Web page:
Mick Jagger My absolute favorite of the new songs is the shortest one, a brief taste of an instrumental. It's called "Title 5," and it is a total fucking rave-up! The preview is only 30 seconds, but the song is only 1:47, so you get the idea. Man, I wish they'd expanded that a bit, because I love that song! I had to do a little chair-dancing to that one: the Monkey and the Jerk. If you don't know them, I'll teach you. Ha!

I know that some of my friends feel that the Stones haven't made any new or relevant music in some time. I suppose that's fair enough, but that doesn't mean that they are irrelevant. It's still some of the best music ever, and for me, the Stones embody everything that is good and right and lusty about rock and roll. Maybe the guys won't get it, and I suppose some of the women don't feel it, but Mick was always sexy to me, with those weird, sinuous moves, his sexy baritone (hard and silky at the same time), and that bad boy attitude. Oh yeah, babe! And when they all kicked in with that driving beat and that hard-pounding and rhythmic bass and drum and...ummm, what was I saying? But yeah, they're smart, too. That's always hot! "It's Only Rock and Roll (But I Like It)" is playing right now. I like it...ssssss...I liiiiike it.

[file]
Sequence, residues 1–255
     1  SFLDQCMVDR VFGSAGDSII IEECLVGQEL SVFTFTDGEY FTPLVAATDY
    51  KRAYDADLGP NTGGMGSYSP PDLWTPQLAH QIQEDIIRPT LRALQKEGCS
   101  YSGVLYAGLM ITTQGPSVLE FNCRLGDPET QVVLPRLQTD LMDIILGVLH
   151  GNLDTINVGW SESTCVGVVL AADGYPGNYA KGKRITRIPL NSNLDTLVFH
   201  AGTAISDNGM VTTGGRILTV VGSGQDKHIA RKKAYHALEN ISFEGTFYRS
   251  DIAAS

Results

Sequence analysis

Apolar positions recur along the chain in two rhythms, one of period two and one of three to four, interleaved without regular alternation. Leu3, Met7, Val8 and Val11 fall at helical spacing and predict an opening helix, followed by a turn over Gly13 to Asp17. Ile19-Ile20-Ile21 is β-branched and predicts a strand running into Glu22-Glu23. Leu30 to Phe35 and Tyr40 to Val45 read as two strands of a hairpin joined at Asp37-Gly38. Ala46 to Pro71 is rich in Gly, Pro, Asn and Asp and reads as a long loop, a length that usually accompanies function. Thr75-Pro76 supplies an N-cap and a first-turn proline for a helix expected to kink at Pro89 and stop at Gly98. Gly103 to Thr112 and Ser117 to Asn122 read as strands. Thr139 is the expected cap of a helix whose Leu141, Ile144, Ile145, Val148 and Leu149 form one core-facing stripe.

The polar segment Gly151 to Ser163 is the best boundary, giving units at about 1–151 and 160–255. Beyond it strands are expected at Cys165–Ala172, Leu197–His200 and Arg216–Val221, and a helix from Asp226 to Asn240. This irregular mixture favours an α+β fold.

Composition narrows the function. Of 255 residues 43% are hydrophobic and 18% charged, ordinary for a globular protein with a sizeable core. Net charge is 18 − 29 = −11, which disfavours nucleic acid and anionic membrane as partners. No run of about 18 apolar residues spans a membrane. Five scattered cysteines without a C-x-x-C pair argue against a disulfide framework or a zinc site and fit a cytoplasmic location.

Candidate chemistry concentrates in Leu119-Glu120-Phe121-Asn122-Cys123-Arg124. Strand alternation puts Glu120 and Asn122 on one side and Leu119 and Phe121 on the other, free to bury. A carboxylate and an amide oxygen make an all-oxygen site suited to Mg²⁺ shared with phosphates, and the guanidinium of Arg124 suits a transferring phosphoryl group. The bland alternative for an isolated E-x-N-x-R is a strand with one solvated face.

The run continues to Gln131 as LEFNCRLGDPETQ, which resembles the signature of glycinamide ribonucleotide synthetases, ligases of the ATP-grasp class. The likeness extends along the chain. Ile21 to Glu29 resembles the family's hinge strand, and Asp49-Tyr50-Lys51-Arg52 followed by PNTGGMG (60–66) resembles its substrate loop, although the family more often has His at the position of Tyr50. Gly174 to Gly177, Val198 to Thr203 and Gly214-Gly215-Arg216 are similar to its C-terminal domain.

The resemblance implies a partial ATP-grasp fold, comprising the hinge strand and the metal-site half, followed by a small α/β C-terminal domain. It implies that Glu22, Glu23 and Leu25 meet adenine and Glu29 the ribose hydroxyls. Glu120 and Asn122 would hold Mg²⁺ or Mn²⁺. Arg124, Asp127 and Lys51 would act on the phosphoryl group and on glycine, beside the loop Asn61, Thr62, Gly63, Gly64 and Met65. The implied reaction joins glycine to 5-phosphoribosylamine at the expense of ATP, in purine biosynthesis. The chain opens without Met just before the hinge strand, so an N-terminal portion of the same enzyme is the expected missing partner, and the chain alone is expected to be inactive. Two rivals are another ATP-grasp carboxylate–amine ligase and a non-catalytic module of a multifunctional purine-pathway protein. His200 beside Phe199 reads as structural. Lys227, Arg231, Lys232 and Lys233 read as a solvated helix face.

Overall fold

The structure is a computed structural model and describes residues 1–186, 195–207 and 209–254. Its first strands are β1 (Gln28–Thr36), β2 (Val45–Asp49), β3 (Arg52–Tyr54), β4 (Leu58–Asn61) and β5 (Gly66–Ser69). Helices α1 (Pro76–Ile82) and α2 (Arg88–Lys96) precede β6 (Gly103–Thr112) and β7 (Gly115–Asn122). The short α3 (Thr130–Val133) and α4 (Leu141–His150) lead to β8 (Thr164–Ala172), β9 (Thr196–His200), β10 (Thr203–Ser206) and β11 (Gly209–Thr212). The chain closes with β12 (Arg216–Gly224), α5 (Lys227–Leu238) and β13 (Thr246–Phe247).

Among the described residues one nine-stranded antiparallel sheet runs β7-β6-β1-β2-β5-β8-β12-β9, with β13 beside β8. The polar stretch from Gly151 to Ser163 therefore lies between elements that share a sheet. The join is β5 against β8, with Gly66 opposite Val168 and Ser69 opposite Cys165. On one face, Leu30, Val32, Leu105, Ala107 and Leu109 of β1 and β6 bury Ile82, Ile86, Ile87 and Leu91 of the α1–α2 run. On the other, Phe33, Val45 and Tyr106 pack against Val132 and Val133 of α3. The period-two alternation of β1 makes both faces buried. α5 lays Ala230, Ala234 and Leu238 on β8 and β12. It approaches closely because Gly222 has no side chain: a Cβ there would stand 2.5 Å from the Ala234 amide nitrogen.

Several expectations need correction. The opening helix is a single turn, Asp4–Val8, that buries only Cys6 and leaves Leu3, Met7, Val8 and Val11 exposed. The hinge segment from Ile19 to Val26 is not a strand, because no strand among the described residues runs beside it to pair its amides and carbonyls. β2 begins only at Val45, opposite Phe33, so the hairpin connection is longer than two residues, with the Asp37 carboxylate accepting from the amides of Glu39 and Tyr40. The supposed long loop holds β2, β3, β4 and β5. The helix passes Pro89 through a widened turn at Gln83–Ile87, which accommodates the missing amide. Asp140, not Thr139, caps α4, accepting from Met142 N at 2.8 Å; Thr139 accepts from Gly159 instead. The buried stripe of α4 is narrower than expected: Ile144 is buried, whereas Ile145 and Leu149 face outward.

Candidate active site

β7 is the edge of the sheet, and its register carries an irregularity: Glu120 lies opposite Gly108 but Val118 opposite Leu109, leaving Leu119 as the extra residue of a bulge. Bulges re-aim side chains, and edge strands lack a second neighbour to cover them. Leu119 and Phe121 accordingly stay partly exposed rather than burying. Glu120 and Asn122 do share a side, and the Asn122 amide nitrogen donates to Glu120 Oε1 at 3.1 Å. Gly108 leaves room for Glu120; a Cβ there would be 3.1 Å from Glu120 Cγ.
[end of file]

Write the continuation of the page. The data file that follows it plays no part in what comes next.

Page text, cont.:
Bottom line: if you already love the Stones, you'll enjoy this reissue and the extra tracks. If they really don't trip your trigger and never have, I don't see any reason for you to buy this. I pass no judgment, because music appreciation is in the eye of the beholder. But seriously, what is wrong with you?! heehee

If you ever doubt that the Stones are badass, let's revisit a short clip of Keith meting out a bit of justice to an unruly fan. If I recall, this was the first clip I ever posted on my blog, so it has a special place in my heart for many reasons.